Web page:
SACRAMENTO, Calif. (AP) — Gov. Jerry Brown's travel ban has saved California taxpayers at least $85 million since he took office, state officials announced Thursday.
The governor's office released travel figures showing the state spent $144 million during Brown's first fiscal year in office compared to $229 million during former Gov. Arnold Schwarzenegger's final year in office for a 37 percent reduction.
"Putting California's fiscal house in order means cutting wasteful spending at all levels and acting as vigilant guardians of taxpayer dollars," said the Democratic governor in a statement.
Brown issued an executive order in April 2011 banning discretionary travel for state employees as part of a series of money-saving moves. He also cut state-issued cellphones, vehicles and trinkets.
The largest savings came in the Business, Transportation and Housing Agency, which cut $63 million.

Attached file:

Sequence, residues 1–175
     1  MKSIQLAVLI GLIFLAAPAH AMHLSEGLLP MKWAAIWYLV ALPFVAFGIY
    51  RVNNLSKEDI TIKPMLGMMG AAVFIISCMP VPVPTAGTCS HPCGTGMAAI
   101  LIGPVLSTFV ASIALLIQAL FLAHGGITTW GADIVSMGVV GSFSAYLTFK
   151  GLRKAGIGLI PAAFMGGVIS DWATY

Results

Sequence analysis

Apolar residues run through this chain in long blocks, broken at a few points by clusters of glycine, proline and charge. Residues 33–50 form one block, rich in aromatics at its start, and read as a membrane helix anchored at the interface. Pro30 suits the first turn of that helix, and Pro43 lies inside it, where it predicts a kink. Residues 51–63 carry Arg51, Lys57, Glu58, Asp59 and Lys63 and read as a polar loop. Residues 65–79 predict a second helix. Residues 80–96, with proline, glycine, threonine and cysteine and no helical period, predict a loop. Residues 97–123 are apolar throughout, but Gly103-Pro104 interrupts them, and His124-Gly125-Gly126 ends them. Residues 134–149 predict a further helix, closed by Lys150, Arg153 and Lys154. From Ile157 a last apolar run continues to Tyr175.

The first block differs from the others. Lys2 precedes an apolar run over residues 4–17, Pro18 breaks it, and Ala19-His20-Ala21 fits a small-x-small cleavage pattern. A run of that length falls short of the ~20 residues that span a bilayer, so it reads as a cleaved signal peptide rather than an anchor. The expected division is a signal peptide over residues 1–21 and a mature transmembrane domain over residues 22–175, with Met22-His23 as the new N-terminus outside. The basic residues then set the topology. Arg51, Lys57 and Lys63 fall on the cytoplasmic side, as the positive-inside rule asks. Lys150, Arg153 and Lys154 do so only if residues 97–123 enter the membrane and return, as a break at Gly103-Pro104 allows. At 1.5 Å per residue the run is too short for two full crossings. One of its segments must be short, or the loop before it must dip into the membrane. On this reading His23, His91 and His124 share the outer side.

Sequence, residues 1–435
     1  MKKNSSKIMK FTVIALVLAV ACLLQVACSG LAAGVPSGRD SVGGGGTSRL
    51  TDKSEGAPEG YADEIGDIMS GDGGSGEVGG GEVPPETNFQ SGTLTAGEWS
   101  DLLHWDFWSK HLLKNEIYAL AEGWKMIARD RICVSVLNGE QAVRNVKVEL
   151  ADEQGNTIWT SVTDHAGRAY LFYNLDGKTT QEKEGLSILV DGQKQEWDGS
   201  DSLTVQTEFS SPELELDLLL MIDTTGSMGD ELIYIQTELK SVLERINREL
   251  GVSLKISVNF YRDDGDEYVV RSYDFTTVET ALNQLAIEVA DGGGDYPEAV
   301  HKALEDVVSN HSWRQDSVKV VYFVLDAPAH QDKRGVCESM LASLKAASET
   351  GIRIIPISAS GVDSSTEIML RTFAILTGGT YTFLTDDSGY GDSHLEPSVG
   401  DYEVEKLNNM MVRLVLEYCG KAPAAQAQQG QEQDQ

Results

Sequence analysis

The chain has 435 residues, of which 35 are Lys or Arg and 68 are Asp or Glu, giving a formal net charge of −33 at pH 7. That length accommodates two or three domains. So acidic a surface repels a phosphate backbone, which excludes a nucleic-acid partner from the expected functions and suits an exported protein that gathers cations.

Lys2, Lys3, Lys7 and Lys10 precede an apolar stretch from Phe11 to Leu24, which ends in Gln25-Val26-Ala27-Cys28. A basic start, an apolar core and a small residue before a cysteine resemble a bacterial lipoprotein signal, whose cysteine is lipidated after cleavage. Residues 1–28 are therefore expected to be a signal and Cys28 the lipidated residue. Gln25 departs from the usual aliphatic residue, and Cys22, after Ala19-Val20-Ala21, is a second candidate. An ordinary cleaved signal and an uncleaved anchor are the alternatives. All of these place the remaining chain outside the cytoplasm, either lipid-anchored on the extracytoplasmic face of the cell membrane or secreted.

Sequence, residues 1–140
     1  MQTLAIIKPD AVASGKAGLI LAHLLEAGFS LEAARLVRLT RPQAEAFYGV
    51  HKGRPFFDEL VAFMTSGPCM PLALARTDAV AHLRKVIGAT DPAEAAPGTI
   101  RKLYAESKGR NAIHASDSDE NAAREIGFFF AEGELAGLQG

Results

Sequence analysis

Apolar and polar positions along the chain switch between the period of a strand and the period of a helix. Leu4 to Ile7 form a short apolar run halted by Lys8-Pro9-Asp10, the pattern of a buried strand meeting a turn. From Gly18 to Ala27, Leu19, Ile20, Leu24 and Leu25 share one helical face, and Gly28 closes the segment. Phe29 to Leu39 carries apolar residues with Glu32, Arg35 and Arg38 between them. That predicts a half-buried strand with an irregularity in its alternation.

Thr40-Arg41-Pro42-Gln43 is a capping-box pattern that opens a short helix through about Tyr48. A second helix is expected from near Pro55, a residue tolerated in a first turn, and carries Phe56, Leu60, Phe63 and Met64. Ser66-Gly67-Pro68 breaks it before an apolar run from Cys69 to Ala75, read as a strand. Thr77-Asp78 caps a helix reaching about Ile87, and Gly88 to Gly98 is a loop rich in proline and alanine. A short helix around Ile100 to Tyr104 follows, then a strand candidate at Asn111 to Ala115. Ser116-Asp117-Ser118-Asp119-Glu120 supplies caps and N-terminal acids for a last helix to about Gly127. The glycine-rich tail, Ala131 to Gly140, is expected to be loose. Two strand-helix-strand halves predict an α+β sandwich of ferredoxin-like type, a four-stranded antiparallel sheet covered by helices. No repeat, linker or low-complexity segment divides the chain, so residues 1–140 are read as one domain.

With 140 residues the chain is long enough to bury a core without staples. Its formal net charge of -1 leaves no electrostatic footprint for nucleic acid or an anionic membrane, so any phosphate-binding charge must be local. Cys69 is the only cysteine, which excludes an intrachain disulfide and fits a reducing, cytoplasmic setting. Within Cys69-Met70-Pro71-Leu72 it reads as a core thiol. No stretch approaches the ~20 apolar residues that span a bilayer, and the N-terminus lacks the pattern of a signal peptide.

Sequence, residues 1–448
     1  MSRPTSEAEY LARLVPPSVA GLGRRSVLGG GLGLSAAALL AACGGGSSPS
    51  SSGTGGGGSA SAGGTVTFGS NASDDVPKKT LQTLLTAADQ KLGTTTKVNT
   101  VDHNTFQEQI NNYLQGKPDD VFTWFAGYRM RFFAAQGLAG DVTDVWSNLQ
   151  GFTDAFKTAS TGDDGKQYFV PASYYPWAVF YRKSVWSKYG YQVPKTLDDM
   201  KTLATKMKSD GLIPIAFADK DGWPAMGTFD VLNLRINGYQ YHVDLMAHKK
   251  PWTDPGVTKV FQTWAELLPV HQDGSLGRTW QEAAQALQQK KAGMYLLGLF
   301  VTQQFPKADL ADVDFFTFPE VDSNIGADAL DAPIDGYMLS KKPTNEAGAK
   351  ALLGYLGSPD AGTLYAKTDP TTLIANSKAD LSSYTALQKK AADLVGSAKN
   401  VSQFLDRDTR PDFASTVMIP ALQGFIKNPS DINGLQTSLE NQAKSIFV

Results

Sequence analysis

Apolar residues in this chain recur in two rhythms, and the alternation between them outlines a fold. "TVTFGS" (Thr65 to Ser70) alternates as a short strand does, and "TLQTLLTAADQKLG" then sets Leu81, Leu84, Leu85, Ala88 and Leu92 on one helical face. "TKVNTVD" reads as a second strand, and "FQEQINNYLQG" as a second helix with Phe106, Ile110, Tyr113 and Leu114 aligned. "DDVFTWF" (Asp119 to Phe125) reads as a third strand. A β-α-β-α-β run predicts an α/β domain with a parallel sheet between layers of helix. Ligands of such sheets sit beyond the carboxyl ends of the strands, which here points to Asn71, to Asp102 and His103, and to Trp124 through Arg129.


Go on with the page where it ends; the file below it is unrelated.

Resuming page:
Spokesman Jim Evans said the agency that oversees the Department of Transportation, California Highway Patrol and Department of Motor Vehicles focused on "mission critical" travel and reduced the number of workers traveling.
Brown's travel ban applied to all state agencies under his authority but did not include California's two public pension systems, public universities or other statewide elected officials.
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